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Grace in Practice


Good Hair, Grace, and a Better Image

In October of this year, Paragon Charter Academy in Michigan informed the parents of 8-year-old Marian Scott that her red extensions precluded her from participating in picture day. According to the school’s official policy, students should only wear natural hair tones in order to have their photos taken. Marian’s style violated more than school policy, […]

The Quiet Dances and Grace in Jojo Rabbit

This review was written by Bryant Trinh. Loud and rambunctious: a couple words that might describe the trailer for Taika Waititi’s satirical new film Jojo Rabbit. We might also add to those: crass, audacious, daring. After the release of Joker a couple weeks prior, the world needed a film that would be a little more […]

The Parable of the Pop Quiz

There once was a Chaplain who worked at a school in Virginia. As part of his work, he taught a course in Comparative Religion to high school seniors. His class was made up of students from around the world with varying religious and non-religious backgrounds. Given one semester to cover the major world religions, he had […]

Classic Jazz, Pinot Noir, and Law/Gospel Couplets

He had ice water, I had the remnants of a large bottle of pinot noir. We clinked cup and bottle in a toast. He had been invited into the fellowship of the fellas — my exclusive man-cave or rather man-dungeon (I’m poor after all). It had been a long weekend filled with parental demands and […]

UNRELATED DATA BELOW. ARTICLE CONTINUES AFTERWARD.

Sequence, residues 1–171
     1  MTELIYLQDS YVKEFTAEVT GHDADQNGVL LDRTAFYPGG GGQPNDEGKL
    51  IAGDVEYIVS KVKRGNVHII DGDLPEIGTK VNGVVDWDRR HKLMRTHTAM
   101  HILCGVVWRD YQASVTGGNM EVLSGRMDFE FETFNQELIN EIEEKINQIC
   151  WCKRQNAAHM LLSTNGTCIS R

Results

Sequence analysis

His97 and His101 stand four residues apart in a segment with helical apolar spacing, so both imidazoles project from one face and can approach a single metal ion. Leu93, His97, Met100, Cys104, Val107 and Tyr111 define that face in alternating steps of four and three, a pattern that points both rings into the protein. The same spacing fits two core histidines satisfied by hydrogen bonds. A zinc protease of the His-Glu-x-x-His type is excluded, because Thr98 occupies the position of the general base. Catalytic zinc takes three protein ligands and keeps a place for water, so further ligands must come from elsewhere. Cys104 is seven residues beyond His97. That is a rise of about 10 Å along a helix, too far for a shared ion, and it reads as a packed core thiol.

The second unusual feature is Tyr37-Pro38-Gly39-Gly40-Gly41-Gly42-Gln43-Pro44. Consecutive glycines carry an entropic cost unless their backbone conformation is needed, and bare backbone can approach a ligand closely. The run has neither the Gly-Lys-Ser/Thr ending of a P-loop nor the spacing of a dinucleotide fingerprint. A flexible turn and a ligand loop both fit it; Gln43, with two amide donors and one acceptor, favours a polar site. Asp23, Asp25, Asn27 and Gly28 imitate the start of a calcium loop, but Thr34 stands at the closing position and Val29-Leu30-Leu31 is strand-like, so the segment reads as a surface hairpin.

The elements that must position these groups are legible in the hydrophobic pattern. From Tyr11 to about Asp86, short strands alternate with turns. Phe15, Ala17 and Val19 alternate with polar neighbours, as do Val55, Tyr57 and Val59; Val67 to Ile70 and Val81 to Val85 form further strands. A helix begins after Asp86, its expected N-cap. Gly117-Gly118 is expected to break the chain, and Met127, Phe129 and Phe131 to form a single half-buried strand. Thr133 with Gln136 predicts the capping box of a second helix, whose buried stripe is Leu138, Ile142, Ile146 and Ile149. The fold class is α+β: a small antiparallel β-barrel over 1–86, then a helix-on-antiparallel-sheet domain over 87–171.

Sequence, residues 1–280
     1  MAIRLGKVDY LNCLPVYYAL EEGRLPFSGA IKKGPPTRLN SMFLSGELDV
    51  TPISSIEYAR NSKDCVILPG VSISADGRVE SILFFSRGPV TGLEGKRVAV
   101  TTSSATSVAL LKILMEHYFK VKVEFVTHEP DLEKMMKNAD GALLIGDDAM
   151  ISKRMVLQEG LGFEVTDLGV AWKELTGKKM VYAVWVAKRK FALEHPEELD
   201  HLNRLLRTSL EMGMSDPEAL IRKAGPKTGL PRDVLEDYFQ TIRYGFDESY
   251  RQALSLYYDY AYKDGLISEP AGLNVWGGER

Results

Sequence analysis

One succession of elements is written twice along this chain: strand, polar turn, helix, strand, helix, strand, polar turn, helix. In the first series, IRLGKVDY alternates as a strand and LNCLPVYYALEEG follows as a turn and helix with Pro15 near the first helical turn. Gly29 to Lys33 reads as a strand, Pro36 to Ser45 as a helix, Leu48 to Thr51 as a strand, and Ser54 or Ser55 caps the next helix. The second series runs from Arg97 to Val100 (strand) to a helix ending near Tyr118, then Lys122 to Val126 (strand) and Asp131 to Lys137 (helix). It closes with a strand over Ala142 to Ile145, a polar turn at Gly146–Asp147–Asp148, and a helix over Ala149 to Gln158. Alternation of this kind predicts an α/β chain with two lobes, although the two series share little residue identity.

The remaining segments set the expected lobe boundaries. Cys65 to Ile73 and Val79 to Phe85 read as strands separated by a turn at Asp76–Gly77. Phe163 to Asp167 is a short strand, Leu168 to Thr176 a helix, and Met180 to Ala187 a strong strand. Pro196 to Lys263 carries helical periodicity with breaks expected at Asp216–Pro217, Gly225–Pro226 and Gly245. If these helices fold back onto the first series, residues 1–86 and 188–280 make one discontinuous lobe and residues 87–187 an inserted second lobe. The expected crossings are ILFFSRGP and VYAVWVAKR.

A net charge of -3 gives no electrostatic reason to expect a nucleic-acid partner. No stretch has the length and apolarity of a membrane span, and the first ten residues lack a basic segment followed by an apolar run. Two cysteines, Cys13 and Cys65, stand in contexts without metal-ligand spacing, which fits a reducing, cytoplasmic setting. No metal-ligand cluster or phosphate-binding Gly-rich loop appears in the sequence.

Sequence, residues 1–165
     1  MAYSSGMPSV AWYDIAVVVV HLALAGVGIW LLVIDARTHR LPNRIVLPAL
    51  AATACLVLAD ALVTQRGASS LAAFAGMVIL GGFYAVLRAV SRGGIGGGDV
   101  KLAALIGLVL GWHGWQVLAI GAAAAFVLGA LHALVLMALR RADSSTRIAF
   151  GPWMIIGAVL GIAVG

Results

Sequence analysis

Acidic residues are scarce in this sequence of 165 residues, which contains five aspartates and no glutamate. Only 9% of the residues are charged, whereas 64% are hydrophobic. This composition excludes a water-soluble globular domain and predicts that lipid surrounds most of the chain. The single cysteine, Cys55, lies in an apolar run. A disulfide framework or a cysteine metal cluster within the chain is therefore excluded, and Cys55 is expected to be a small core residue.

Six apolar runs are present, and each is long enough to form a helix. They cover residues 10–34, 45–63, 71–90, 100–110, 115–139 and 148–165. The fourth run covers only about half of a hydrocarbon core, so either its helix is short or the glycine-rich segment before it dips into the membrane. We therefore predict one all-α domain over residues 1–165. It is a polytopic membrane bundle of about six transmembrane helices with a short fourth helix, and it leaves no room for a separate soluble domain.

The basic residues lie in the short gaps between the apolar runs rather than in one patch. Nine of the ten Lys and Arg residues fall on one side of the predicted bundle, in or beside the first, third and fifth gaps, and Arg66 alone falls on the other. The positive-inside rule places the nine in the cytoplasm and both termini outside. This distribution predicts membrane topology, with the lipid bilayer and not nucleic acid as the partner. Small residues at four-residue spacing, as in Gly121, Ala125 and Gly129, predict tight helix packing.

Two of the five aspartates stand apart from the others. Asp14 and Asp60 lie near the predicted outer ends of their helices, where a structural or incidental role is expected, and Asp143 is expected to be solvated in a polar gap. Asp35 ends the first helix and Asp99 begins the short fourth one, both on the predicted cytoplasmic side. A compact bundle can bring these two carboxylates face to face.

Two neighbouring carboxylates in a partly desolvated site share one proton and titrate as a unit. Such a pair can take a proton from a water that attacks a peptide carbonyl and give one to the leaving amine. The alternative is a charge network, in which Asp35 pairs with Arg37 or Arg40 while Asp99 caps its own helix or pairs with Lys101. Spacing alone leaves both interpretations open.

PZ’s Podcast: Achilles Heel; They Came from Beyond Space; Listen to the Music; Sine Qua Non; and Julie, Do You Love Me

Episode 283: Achilles Heel It seems that human nature, or rather, one’s understanding of human nature, is the Achilles Heel of theology — and philosophy, too — throughout the “Spin-Me-Round” (Dead or Alive, 1985) of cyclical human history and cyclical failed answers to the problem of being human. If you have a high doctrine of […]

You Don’t Know Me, Fred Rogers

As a Generation X child who grew up with a stay-at-home mom in the upper Midwest, it was almost mandatory that my younger brother and I watched Sesame Street during lunch, and then afterward, Mr. Rogers’ Neighborhood. I know exactly what my mom was thinking, putting two preschoolers in front of the television like that […]

Creedal Faith in the Age of Seculosity – David Zahl

Here’s the video of my recent talk from the HWSS Conference in San Diego, which marked the debut of (the rough version of) The Seculosity Creed. I highly doubt I’ll ever make people laugh this hard again–and that’s probably a good thing. Many thanks to the good folks at 1517 for allowing me the opportunity to poke fun.

Creedal Faith in the Age of Seculosity: Dave Zahl from 1517 on Vimeo.

Inherited Sin and Family Secrets: A Review of Nora Krug’s Belonging

My husband, overwhelmed by the news cycle a few years ago, re-subscribed to Ancestry.com. We call it “social media for dead people.” He will tell anyone who asks how interesting this has been for him. He will also tell you that if you are interested in researching your own family histories, you should beware that […]

Another Week Ends: Time-Wasting Projects, Serotonin, Destination Funerals, the Hope of Children, the Languages of Love, and Jesus is King

1. Ear Hustle is a podcast about incarceration. It shares stories about life in San Quentin prison and the reintegration into life that follows a sentence there. The final episode of the recent fourth season is a hard story of reconciliation between a police officer and the man who shot him and went to jail […]